Blog posts from late Busselton resident Brenda Edwards tell a remarkable story of a young lady who was wound up in the activities of D-Day during World War II.
On June 6, 1944, D-Day saw the largest group of allied forces storm Normandy shores from the sea which marked the start of freeing Europe from Nazi occupation.
When Ms Edwards was working in Cambridge she was told to make her way to Blakehill Farm, a RAF airfield in England.
She was the first of five women from the Women's Auxiliary Air Force to arrive at the camp where Ms Edwards found herself knee deep in mud.
“The huts weren’t finished and they were very damp,” she wrote.
Ms Edwards soon discovered the camp was a training base for the First Airborne Division who would later do the first airborne landing in Holland.
During her time at Blakehill Farm, Ms Edwards worked at the station sick quarters driving a Morris ambulance in a 24-hours on, 24-hours off roster.
“Later on many more girls arrived at the station sick quarters to drive ambulances, all in preparation for D-Day.”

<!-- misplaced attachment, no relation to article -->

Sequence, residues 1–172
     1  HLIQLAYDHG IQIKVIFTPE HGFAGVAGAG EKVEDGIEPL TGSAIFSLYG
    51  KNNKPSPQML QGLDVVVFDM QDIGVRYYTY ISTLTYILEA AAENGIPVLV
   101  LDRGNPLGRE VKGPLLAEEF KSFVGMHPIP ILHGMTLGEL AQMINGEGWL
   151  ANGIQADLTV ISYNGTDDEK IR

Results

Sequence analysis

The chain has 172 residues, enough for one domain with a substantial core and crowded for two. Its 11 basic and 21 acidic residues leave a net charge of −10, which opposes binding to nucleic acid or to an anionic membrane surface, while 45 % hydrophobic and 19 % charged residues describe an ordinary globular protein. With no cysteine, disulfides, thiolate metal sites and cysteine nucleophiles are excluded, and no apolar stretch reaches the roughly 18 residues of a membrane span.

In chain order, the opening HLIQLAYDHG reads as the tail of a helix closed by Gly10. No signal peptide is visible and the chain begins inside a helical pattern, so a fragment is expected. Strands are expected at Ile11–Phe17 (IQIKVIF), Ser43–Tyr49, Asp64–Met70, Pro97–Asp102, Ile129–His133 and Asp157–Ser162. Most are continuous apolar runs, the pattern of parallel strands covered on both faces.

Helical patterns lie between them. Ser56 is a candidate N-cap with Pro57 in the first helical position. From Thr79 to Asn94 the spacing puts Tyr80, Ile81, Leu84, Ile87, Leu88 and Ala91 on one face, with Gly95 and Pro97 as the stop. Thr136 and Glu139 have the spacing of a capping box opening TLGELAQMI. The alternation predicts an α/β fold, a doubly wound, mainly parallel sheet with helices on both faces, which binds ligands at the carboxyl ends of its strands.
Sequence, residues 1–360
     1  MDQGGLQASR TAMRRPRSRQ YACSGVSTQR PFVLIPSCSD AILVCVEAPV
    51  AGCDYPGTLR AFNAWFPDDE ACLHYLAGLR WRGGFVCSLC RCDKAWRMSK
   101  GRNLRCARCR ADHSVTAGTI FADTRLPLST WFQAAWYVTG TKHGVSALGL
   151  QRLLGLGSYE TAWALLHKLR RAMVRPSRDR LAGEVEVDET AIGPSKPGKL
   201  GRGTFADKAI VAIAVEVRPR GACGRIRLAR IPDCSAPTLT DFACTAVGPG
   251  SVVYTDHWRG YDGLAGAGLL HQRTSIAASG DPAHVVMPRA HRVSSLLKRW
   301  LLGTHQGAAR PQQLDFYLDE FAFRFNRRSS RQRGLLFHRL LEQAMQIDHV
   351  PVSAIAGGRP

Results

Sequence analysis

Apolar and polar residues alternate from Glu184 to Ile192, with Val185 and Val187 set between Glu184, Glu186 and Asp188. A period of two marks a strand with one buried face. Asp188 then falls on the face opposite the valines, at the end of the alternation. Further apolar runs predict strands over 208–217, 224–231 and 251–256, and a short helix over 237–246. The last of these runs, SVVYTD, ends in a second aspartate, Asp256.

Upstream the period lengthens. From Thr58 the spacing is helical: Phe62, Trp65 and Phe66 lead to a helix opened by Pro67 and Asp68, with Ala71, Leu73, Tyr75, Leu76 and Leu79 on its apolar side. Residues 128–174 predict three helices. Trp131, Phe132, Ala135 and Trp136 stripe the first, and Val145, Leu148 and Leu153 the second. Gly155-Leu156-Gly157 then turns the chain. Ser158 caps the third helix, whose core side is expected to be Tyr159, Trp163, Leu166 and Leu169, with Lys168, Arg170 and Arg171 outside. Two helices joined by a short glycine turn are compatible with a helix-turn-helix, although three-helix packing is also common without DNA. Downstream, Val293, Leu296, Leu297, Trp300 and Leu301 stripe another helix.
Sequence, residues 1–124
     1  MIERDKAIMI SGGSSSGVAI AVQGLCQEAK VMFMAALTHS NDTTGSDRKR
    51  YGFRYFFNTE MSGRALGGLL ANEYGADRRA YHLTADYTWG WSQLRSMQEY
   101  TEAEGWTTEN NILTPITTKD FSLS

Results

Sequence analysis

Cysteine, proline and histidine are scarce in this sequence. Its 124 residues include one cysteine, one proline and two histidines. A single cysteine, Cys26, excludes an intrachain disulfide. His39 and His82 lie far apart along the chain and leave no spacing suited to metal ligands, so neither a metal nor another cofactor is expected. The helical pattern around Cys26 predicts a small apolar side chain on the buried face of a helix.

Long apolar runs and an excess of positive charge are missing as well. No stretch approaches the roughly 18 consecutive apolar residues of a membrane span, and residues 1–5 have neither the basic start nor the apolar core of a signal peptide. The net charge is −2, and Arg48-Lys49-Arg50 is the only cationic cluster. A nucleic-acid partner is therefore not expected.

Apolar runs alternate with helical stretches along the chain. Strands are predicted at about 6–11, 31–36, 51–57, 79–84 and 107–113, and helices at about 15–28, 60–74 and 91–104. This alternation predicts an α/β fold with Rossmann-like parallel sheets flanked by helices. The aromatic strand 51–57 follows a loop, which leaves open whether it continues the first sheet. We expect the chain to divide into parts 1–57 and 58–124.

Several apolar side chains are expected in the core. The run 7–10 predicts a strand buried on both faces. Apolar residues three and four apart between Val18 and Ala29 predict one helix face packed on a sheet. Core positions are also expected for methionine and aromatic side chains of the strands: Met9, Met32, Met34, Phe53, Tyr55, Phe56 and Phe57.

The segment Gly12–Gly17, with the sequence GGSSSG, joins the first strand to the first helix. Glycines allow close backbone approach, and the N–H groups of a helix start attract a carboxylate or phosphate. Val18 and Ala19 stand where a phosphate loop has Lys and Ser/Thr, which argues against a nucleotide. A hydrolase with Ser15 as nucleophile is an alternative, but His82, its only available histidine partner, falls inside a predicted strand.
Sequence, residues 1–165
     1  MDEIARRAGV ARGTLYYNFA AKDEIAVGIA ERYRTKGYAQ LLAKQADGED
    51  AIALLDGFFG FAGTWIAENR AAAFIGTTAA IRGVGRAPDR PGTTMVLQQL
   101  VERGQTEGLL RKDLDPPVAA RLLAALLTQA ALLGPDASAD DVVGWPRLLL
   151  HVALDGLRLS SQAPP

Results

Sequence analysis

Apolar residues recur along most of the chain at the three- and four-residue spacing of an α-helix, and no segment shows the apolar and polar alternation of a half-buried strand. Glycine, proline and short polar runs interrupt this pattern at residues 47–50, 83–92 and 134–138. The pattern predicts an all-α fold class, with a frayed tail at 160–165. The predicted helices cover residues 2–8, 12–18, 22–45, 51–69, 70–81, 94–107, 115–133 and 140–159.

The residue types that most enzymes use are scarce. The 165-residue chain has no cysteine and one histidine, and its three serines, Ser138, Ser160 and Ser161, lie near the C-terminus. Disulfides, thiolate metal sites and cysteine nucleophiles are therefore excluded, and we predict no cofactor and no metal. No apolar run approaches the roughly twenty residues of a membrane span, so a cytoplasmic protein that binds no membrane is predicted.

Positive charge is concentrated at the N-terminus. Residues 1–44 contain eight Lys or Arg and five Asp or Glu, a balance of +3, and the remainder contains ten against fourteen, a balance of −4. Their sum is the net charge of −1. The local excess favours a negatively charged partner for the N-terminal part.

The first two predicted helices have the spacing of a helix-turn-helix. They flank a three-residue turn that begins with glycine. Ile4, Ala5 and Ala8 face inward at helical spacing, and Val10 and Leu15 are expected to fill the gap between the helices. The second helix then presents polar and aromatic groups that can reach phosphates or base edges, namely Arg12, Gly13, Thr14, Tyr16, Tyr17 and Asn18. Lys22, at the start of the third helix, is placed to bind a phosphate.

When D-Day arrived they were told not to talk to anyone outside of the village for two days, she wrote, the atmosphere was eclectic.
“We all knew something big was going to happen but we didn’t know what.”
When D-Day started the women waited up all night in a crew hut on the aerodrome – the sky was black with Dakota gliders – carrying equipment and 30 pilot troops on their way to Normandy.
The women waited until dawn when the first Dakota arrived back at the base.
“The doors opened and the first wounded came out on a stretcher, with the WAAF nursing orderly holding a bunch of flowers and a German tin hat.”
Ms Edwards said the casualties were offloaded into the ambulances still covered in blood and mud.
Their efforts were being hampered by war correspondents who were all scrambling to get stories for their evening newspapers.
“We spent weeks carrying the injured between planes and marquees, some of the men were in a terrible condition which was very upsetting.
“We were able to give them cigarettes and help them write postcards home to tell their loved one they were okay.
“The smell of gas gangrene was overpowering and would steep into our battle dresses, staying for hours.
“Occasionally the wounded would be shell shocked and we would have to take their cigarettes and leap on them to stop them withering about.”